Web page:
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Well, it sounds like your keyboard has an integrated numpad or something. You can try to disable it by opening a "on-screen-keyboard" via the terminal and disable numlock from there. Open the terminal: ctrl+alt+t and run onboard. When the keyboard appears on the screen, head over to the 123-button and disable the Nm Lk button. Hopefully your keyboard is ...


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Try changing pci=noacpi to pci=acpi- basically it should enable ACPI. (src: from edit on your post:) EDIT: So I changed pci=noacpi to pci=acpi and.. it's working great :) don't know what are the consequences but the temperature is lower than on windows :) I think this was simply a case you misread this :)


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This Notebook was release by HP with Ubuntu 12.04 LTS as an option (along with FreeDOS, or various Windows variants): chrisjrob (Blog) >> HP 255 G1 Laptop with Ubuntu Ubuntu hardware >> Ubuntu on HP 255 G1 Notebook PC While the Notebook is certified to run 12.04.2 (64-bit), you would be better off do a new install of Ubuntu 14.04 LTS (64-bit) instead. ...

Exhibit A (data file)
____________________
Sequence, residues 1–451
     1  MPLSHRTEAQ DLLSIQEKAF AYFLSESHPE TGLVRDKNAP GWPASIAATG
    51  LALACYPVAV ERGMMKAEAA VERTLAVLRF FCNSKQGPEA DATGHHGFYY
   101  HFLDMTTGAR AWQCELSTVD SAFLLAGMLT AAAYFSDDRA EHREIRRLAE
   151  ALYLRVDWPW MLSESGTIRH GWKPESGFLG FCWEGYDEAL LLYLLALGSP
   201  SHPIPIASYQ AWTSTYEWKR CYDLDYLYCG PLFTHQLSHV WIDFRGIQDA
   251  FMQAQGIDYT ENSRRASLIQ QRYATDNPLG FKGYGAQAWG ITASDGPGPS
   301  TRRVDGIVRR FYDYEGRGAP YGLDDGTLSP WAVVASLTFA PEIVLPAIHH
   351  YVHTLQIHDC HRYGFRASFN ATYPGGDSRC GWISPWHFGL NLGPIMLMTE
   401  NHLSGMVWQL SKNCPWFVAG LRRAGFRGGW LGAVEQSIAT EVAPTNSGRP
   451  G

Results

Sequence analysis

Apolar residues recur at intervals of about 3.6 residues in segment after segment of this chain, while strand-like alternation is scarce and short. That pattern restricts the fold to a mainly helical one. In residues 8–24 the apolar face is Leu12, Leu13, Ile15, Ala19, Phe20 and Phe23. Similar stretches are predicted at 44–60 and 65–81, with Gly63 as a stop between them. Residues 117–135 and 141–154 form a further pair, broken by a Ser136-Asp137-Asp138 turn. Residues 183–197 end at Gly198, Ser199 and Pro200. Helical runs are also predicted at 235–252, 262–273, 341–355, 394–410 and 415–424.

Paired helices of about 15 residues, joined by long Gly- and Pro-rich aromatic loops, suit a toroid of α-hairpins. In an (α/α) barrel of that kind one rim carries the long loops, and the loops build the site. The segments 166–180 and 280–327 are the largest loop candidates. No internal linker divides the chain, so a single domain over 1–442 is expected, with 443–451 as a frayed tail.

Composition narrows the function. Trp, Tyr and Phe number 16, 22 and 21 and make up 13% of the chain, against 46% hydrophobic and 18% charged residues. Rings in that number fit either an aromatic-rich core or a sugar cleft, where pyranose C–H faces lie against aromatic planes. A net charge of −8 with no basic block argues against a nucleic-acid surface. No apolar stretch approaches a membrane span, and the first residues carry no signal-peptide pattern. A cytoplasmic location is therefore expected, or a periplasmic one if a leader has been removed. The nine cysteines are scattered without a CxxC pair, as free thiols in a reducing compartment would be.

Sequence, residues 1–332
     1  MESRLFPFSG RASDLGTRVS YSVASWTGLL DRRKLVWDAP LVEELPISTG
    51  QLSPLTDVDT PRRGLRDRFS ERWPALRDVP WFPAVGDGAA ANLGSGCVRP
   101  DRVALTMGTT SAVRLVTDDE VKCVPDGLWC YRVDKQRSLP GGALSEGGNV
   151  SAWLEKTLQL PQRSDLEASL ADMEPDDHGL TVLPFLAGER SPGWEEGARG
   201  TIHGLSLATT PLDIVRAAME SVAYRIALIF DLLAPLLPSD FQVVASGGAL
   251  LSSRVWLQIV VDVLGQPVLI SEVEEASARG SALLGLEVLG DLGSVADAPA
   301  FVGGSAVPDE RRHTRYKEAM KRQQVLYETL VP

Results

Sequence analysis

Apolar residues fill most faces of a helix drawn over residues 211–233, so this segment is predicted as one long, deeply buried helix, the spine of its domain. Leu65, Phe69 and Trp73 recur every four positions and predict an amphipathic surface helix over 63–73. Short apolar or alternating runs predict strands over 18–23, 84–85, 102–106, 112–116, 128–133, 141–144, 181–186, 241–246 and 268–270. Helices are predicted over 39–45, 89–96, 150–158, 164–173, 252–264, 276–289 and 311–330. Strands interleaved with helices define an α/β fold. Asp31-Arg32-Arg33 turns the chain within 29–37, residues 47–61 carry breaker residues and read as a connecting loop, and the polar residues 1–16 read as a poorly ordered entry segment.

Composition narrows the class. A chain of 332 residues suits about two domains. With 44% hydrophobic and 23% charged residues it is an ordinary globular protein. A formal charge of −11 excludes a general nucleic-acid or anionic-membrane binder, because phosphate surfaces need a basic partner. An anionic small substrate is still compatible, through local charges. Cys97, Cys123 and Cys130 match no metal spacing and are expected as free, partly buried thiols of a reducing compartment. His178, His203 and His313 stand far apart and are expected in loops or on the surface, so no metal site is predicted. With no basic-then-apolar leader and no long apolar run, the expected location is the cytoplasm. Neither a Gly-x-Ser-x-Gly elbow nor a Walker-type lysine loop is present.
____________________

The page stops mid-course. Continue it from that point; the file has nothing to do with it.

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If you are using an Android phone, there is an app on the Google Play Store called DriveDroid that claims you can use your phone as a live USB and allows you to boot your PC from ISO/IMG files stored on your phone. This application requires root. I have no personal experience with this, but it could be worth a shot.


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I found solution, but this workaround works only with nvidia proprietary driver - Open nvidia settings -> PRIME profiles -> here need select intel card -> logout && login.


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There is no way to find it out precisely. Some bluetooth modules are not supported by linux kernel and may not be detected. Generally, you would look for bluetooth modules in lsusb and lspci outputs. But even if a module is supported, there may be output, which does not contain "bluetooth". For instance, I have a working Atheros AR3012 bluetooth module. ...


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There is an easier solution. Press the Super (Windows) key. Search "Bluetooth". This should tell you if you have a Bluetooth adapter. I don't so mine said "No Bluetooth adapters found". I'm not sure what it would say if you have one but it should be obvious.


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Someone very helpfully pointed out on the Ubuntu subreddit that it could be down to a hotkey disabling it. He was absolutely right, I didn't know that hotkey done that so we can consider this one solved.